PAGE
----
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Three Keys to Broncos-Titans

NASHVILLE, Tenn. --The importance of Sunday's game to the Broncos' playoff hopes can't be understated.

Tennessee is the last team the Broncos will see in the 2016 regular season that does not have a winning record. The Titans are the front range of a series of jagged, soaring, peaking teams that the Broncos will see in a final quarter of the season that is the league's toughest.

And while the Titans only stand at 6-6, their improvement -- and the progress of quarterback Marcus Mariota -- has put them in a three-way tie atop the AFC South. The tiebreakers don't favor them right now, largely because the Colts have already swept them. But Mariota's progress and an array of dangerous threats around him -- chiefly running backs DeMarco Murray and Derrick Henry and tight end Delanie Walker -- have the Titans poised for a breakthrough back to the ranks of contending teams.

It could happen down the stretch. Refreshed by a bye, blessed with a disruptive defensive interior and riding the precise, mistake-free play of Mariota -- particularly in the red zone, as he's never thrown an interception on a play snapped from inside the opponent's 20-yard line as a pro -- the Titans have enough pieces to contend into January if they can sizzle down the stretch.

What must the Broncos do to prevent that?


The Broncos lead the league in three-and-outs, and had a season-high nine non-kneeldown possessions that failed to net a first down in last week's win at Jacksonville.

Eventually, a long run of short possessions will catch up to the Broncos. As it stands, their defense has been on the field for 814 plays, a 67.8-snaps-per-game average that is third-highest in the league, behind only San Francisco and the New York Giants. And no defense saw more work in Weeks 12 and 13 than the Broncos, who were on the field for 157 snaps -- nine more than anyone else.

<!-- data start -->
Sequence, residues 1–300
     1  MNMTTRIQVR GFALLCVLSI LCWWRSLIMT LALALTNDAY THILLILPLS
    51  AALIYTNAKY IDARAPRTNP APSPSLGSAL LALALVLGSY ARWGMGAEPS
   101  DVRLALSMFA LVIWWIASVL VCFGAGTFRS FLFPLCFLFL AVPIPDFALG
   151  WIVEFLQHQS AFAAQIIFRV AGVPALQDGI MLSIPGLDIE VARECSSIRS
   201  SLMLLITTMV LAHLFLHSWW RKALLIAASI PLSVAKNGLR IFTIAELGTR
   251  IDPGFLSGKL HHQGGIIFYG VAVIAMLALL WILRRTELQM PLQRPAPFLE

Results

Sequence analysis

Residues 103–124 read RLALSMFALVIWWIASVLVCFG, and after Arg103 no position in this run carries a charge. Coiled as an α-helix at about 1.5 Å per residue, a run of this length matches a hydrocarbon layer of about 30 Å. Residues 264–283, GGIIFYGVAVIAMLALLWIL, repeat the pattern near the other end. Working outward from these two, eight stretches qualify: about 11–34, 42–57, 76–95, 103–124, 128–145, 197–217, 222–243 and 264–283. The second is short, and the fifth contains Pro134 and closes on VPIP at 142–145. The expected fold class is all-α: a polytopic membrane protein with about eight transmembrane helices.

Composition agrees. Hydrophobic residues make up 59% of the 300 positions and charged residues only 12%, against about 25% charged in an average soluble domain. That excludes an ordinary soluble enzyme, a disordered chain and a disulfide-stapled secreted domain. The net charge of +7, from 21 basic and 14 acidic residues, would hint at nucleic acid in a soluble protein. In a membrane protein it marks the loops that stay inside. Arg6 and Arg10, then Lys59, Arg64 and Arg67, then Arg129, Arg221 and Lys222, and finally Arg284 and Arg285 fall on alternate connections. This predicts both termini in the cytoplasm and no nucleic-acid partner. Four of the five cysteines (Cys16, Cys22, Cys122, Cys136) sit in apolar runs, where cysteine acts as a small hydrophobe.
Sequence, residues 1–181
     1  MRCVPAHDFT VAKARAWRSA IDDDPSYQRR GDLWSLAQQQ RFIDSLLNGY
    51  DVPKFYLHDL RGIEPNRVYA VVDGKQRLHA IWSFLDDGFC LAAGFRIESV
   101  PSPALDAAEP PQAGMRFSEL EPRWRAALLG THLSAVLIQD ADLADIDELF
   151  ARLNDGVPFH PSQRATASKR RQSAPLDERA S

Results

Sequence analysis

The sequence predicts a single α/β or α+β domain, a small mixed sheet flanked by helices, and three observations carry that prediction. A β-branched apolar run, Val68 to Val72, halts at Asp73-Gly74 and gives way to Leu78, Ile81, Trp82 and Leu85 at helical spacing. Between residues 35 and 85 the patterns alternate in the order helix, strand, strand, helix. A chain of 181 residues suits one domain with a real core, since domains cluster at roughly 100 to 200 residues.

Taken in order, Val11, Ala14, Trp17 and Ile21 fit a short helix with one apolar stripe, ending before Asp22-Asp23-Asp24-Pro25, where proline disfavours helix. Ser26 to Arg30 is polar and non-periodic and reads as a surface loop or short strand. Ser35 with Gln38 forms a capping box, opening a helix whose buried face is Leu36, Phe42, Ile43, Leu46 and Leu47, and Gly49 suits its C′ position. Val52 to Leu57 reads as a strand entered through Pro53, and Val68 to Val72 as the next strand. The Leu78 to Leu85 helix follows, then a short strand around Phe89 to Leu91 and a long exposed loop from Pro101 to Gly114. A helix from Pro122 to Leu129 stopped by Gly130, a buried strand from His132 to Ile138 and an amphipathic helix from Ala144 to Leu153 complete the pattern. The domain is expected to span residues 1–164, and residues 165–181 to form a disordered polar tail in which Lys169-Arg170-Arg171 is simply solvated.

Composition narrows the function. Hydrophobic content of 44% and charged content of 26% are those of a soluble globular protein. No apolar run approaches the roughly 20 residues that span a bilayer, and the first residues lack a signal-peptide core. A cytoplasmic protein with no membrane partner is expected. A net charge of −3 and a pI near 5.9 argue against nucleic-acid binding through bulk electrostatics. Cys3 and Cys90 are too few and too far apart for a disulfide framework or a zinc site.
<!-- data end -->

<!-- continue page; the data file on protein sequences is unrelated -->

"They feed off their run to be able to open up their pass," Harris said. "If we can make them one-dimensional, make them throw the ball, it will be tough for Mariota to beat us."

To wit: The Titans are 5-1 when they run for at least 4.5 yards per carry this season -- and 1-5 when they don't. In the overall tally, they are 6-1 when they rush for at least 130 yards, and 0-5 when they don't hit that milepost.

Tennessee's per-carry average of 4.77 yards is third-best in the league, but it wasn't built on big plays; the Titans' rate of runs that gain 20 or more yards -- one every 44.5 attempts -- is 14th. Where the Titans do their damage is via the death-by-paper-cuts runs of six to nine yards; they rank third in the league, with one of every 5.4 runs gaining at least six yards.


The Broncos must attack Mariota judiciously, remaining in position to minimize the risk of his backbreaking, explosive runs.

But if they can bring him down, they're likely to find team success at the end of the day. The Titans are 2-8 when Mariota is sacked three or more times; when he's sacked two times or fewer, they're 7-7.

Take a closer look at the Broncos' travel-day fashion, from UCHealth Training Center to the team hotel in Nashville. (photos by Eric Bakke unless noted)

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